Harvard Mental Health Letter

In Brief: Mindfulness may rival medication at preventing depression relapse

Depression is often a chronic condition marked by alternating periods of remission and relapse. To increase chances of long-term remission, clinicians usually recommend that patients remain on some type of maintenance therapy — usually an antidepressant — for extended periods. But not everyone wants to take medications indefinitely, and some — notably pregnant women or people taking other drugs — may have good reason not to. One study suggests a possible alternative to maintenance medication: mindfulness-based therapy.

Researchers in Canada conducted a randomized controlled study involving 160 adult patients who had experienced at least two episodes of major depression. In the first phase of the study, the patients took antidepressants. Most took selective serotonin reuptake inhibitors (SSRIs), but those who did not obtain adequate relief from an SSRI were offered another type of drug.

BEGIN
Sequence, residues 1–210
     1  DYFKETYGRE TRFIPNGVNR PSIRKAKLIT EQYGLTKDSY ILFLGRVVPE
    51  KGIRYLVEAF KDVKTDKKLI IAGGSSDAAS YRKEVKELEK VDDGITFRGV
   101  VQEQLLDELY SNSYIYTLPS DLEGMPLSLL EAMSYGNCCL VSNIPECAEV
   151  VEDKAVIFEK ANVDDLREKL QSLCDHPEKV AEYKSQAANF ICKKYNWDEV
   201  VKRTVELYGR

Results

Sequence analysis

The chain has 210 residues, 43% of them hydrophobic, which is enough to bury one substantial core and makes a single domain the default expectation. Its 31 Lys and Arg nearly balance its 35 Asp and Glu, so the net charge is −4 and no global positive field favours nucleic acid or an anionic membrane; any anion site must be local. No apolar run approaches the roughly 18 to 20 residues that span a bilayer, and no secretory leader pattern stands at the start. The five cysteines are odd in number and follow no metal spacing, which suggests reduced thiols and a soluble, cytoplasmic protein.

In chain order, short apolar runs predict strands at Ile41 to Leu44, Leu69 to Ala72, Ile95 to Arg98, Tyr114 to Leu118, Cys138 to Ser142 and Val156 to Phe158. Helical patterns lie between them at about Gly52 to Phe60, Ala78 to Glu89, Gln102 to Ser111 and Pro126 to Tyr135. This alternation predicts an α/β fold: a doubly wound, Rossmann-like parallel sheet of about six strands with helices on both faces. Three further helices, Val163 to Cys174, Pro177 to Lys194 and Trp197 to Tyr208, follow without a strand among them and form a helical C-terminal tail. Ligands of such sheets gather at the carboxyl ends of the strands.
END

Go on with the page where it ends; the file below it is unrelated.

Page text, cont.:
After eight months, 84 participants (53% of the total) achieved remission and progressed to the 18-month maintenance phase of the study. During this phase, they were randomly assigned to one of three arms: continued use of their antidepressant medication at a lower dose; gradual tapering to a placebo pill and clinical management; or gradual tapering to mindfulness-based therapy.

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